From the Classroom to the Boardroom:
Putting Your Degree to Work
Economist Alex Tabarrock once said, “Education is the key to the future. You’ve heard it a million times, and it’s not wrong. Educated people have higher wages and lower unemployment rates, and better-educated countries grow faster and innovate more than other countries. However, getting into college is only the first important step. Deciding on a major is equally, if not more, important.” His views are well supported. Statistics from the Organization for Economic Co-operation and Development (OECD) reveal that those with tertiary educational attainment (college and advanced degrees) will earn an average of 67% more over their lifetime than their non-degree holding counterparts. Yet, according to the OECD more than 41% of the U.S. population ages 25-64% holds such degrees. The question, then, is how to be the most competitive in an increasingly globalized workforce.
While degrees in business and STEM (Science, Technology, Engineering, and Math) are traditionally viewed as having robust earning potential, and indeed are seen as trending that way for the foreseeable future, they are by no means the only path to financial and personally-rewarding success. Columnist Elizabeth Segran, Ph.D. recently reported on the growing demand for graduates with liberal arts/humanities degrees in technology fields. The reasons may surprise you.
Educated people have higher wages and lower unemployment rates, and better-educated countries grow faster and innovate more than other countries.
Humanities/Liberal Arts graduates are seen as being able to move fluidly in abstract and complex spaces. They thrive on ambiguity and are able to bring a variety of perspectives to an issue or problem. These are valid and valuable skills to possess in a field where little is black and white. This is not to say, however, that technical knowledge is not a requirement. Indeed, for women who may face societal bias regarding proficiency in math and science, it is absolutely essential. However, as astronaut Mae Jemison has stated, “The difference between science and the arts is not that they are different sides of the same coin even, or even different parts of the same continuum, but rather, they are manifestations of the same thing. The arts and sciences are avatars of human creativity.”
Thus, no matter if your chosen degree is in the sciences or in the liberal arts, it is prudent to be able to combine these seemingly binaries into a lucrative and rewarding career. The following professions are just a few that may provide you with the opportunity to do just that:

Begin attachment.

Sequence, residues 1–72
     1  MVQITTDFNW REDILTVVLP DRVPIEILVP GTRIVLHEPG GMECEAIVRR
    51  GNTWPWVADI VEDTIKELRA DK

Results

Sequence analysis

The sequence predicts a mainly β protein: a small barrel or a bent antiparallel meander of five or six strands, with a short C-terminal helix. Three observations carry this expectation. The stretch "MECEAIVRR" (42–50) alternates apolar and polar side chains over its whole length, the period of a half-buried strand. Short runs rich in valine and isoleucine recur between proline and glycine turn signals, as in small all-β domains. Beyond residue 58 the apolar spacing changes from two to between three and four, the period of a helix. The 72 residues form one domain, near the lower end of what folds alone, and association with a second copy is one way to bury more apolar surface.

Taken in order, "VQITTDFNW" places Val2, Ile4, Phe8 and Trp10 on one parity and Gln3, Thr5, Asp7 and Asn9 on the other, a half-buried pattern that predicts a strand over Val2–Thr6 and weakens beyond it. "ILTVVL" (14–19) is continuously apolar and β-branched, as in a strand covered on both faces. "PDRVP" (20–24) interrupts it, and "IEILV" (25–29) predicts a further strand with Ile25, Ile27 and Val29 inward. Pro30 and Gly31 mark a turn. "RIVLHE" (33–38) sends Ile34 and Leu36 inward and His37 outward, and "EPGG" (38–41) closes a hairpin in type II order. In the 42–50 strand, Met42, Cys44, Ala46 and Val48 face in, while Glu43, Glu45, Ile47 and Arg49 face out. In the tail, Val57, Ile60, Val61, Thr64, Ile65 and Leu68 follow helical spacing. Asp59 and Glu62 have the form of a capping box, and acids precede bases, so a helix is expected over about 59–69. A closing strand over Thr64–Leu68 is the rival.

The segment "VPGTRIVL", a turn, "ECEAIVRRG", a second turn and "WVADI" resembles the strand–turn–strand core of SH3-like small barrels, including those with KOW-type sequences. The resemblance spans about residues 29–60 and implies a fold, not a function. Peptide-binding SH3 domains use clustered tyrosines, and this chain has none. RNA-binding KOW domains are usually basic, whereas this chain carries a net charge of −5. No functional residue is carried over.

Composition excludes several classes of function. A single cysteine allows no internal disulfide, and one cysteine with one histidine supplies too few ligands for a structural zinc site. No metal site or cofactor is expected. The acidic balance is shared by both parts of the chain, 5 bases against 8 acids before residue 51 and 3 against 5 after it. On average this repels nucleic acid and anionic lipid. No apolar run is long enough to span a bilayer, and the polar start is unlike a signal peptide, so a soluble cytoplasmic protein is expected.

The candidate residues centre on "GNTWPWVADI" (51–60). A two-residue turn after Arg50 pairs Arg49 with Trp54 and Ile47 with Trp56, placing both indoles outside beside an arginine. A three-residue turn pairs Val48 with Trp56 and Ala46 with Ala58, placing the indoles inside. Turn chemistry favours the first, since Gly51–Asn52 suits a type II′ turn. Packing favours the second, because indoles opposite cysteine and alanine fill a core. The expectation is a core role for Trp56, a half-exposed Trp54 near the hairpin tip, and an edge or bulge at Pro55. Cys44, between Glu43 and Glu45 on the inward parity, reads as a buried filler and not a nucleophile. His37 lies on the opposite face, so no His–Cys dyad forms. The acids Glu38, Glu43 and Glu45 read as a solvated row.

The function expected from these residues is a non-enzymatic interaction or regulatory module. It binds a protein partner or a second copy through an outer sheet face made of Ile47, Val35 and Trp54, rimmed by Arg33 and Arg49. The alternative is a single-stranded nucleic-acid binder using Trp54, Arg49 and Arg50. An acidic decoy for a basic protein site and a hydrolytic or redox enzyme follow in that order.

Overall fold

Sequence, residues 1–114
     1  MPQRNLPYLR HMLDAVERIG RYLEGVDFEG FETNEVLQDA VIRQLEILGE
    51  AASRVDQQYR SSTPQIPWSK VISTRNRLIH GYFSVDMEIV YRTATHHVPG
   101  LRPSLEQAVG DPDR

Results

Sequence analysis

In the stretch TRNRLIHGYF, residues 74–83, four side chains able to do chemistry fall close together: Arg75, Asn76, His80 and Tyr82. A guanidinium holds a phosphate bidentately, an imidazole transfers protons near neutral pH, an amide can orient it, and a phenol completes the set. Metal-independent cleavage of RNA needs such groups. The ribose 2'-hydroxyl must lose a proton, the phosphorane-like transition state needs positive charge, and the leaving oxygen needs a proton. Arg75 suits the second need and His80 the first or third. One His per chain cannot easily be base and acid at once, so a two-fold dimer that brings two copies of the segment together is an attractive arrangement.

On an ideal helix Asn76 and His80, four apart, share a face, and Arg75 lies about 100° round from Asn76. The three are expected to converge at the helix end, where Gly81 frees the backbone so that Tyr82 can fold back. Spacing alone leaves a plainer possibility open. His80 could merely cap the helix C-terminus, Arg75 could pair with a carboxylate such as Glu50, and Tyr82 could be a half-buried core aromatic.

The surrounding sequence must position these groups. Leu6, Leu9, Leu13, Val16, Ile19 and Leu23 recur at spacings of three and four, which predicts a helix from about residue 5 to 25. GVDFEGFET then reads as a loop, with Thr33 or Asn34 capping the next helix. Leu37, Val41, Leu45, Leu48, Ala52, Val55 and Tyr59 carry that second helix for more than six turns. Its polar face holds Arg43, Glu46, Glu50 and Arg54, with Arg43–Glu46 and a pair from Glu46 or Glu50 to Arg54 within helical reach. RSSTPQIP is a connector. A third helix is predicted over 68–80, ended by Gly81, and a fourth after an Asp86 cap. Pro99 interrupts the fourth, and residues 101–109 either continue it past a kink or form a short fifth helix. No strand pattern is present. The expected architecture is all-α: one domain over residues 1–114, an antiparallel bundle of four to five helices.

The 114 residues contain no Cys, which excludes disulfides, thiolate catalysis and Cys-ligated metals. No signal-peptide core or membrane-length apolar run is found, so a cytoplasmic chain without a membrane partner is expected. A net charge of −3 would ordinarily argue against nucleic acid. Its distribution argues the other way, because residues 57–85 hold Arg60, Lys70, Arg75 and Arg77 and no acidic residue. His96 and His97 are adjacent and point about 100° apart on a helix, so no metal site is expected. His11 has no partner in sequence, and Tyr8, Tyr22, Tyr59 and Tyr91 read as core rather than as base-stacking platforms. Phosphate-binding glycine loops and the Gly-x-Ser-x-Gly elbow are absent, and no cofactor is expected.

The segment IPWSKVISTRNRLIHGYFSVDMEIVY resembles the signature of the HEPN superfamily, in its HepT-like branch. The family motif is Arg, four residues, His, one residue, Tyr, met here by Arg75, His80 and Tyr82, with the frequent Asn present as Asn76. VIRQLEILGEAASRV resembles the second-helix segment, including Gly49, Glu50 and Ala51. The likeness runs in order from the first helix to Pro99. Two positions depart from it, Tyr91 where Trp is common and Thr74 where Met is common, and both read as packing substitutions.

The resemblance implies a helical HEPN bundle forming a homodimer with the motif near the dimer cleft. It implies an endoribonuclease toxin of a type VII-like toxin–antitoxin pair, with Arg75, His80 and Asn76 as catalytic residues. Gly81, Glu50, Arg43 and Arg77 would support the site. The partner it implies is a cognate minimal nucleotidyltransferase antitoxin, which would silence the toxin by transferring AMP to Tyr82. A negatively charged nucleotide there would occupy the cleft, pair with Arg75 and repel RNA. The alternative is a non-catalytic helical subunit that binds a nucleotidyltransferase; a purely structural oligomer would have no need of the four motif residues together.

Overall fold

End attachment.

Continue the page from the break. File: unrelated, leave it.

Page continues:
Audio/Video Collections Specialist
Those in this field combine technical and artistic talents to create and archive collections for a variety of audiences. Salary range: $45,500.00 – $65,000.00
Combining both science and art, designers create innovations to address needs from the home to major industries. Salary range: $62,400.00 - $89,000.00+
From Apple to Yahoo, those who can combine technical knowledge and creativity will be highly sought after. The opportunities and possibilities in this field are virtually unlimited. Salary range: $68,000.00 - $125,000.00
Market Research Analyst
Professionals in this field research market conditions in a variety of fields to determine the success and profitability of goods and services. Salary range: $58,800.00 - 112,500.00
Natural Science Manager
Those in this field plan, direct and coordinate activities in fields ranging from the life and physical science to math and statistics. An advanced degree may be required. Salary range: $100,000.00 - $145,000.00>
While teaching at the community college or university setting may require an earned doctorate, the ability to combine both science and humanities backgrounds is unparalleled. Salary range: $69,300 - $121,300.00+
As you may observe in even this small sampling of careers, those who are able to merge their creativity with their technical knowledge will have the ability to put their degrees to work for them in a variety of fulfilling ways. While today’s sometimes unpredictable world may cause even the most determined graduate to waver in the job market, Dr. Anil Kr Sinah states, “To realize a dream; focus on the powerful, magical part of life known as vision, innovation and attitude. Devote yourself to a purpose, struggle on it, overcome fear and move forward with courage and conviction.”
Bottom Line: In applying that sentiment to translating your education into your career path, do not overlook opportunities to apply your knowledge in creative and innovative ways. The results may surprise you.